Gary H. Gibbons
The information listed below is current as of the date the transcript was finalized.
Abstract of Interview
Gary H. Gibbons was born in 1956 in Philadelphia, Pennsylvania; the youngest of three siblings. His father was pharmacist-turned-schoolteacher from Philadelphia, Pennsylvania; his mother was a school teacher from Camden, New Jersey who had been orphaned at a very young age. Religion and spirituality were very important in the Gibbons household. Gibbons came through the Philadelphia public school system during the beginning of desegregation and was bused from his area to a traditionally Caucasian school. Later as a result of his good grades he attended Episcopal Academy during the institution's early attempts at integration. He credits these academic opportunities for much of his success, and as a result has always felt a great responsibility to succeed. Gibbons' early interest in science came from books, electronics, and the investigation of his surroundings. Gibbons received his B.A. in Biology from Princeton University in 1978. At Princeton he participated in research and was a photographer for the school newspaper, The Daily Princetonian. He also developed an interest in the history and philosophy of science on which he wrote his senior thesis. Gibbons matriculated into Harvard Medical School, where he earned his MD in 1984. He elected to take two years off from medical school between his basic science and clinical years to pursue research in Dr. Clifford Berger's lab studying the renin-angiotensin system and cardiovascular disease. Following two years of clinical rotations Gibbons did his two-year internal medicine internship and a subsequent three-year cardiology fellowship at Brigham and Women's Hospital in Boston, Massachusetts. In 1990 Gibbons was appointed assistant professor of medicine in the Cardiology Department at Stanford University, where he collaborated with Dr. Victor J. Dzau on further investigation of the renin-angiotensin system. He was then recruited back to Harvard Medical School by Dzau in 1996; there he pursued his research, focusing on the many complex factors that regulate blood pressure. In 1999 Gibbons was appointed director of the Cardiovascular Research Institute at the Morehouse School of Medicine in Atlanta, Georgia. In this capacity, Gibbons oversees large amounts of research aimed at decreasing the alarmingly high incidence of cardiovascular disease in the African-American population of the southern United States. Throughout his oral history Gibbons acknowledges the many opportunities and rights obtained for him by the civil rights leaders of his day, and as a result feels a deep sense of greater purpose in his work. He has received several grants and awards, including the Robert Wood Johnson Foundation Minority Faculty Development Fellowship, a Baxter Foundation Award, an Established Investigator Award from the American Heart Association, and a Pew Scholars Program in the Biomedical Sciences grant, which he discusses in the oral history interview.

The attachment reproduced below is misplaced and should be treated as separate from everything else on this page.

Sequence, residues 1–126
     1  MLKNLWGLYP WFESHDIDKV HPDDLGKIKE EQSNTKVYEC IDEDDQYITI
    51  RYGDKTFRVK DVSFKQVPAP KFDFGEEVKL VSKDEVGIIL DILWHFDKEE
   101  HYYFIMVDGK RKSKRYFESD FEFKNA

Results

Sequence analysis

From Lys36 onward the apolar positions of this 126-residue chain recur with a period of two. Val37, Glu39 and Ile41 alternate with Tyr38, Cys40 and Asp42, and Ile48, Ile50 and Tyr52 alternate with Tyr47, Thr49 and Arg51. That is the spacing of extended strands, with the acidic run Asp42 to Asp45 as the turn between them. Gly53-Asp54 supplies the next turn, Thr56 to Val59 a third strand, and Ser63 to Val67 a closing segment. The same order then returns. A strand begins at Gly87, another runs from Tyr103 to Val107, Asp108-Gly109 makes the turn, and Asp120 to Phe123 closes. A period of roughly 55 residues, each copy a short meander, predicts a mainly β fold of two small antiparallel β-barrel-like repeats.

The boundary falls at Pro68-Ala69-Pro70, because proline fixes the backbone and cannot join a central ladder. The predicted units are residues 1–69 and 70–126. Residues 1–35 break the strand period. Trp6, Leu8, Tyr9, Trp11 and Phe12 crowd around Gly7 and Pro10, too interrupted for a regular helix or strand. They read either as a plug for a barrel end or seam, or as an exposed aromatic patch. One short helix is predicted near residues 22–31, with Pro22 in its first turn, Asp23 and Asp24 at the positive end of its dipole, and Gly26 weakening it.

|1984||Harvard Medical School||MD|
Harvard Medical School
Stanford University School of Medicine
Morehouse School of Medicine
Robert Wood Johnson Foundation Minority FacultyDevelopment Fellowship
Baxter Foundation Award
|1994 to 1998||
Pew Scholars Program in the Biomedical Sciences Grant
Established Investigator Award, American Heart Association
Table of Contents
Family life in Philadelphia. Religion and creationism. Experience withdesegregation. Gang violence. Culture shock. Philadelphia school system. Social life. Influential teachers. Scientific interest. Parental Expectations.
Attends Princeton University. Summer programs. Integration at Princeton. Majors in Biology. Senior Thesis. Photography for school newspaper. Applying to medical schools.
Attends Harvard Medical School. Admissions committee. Clifford Berger's lab. Research on renin-angiotensin system. Cardiovascular science. Clinical Years. Choosing Internal Medicine.
Interning at Brigham and Women's Hospital. Stress of medical internship. Marriage. Cardiology fellowship. Finding employment.
Assistant professorship at Stanford University. Research with Victor J. Dzau. Follows Dzau back to Harvard Medical School. Wife's career. Grants and awards. Morehouse Medical School. Move to Atlanta. Administrative responsibilities. Cardiovascular Research Institute. Community service. Publication. Grant writing. Travel. Renin-angiotensin system. Balancing familyand professional responsibilities. Attending church regularly. Current grant proposals. Lab management. Affirmative Action and appropriate uses. Hard money vs. soft money. Funding. Receiving the Pew. Teaching.
Ethnic make-up of students. Promoting diversity. Women and minorities in science. Importance of role models. Clinical research. Vascular disease. Ethnic correlation to cardiovascular disease. Angiotensin. Blood vessel cell biology research. Pew annual meetings. Bypass grafts. Angiotensin receptor blockers and applications. Patents. Conflicts of interest. Competition. Publication. Collaboration. Quality control in the lab. Stem cell research. Human cloning. Genetically modified food. Changing climate in medical research. Goals.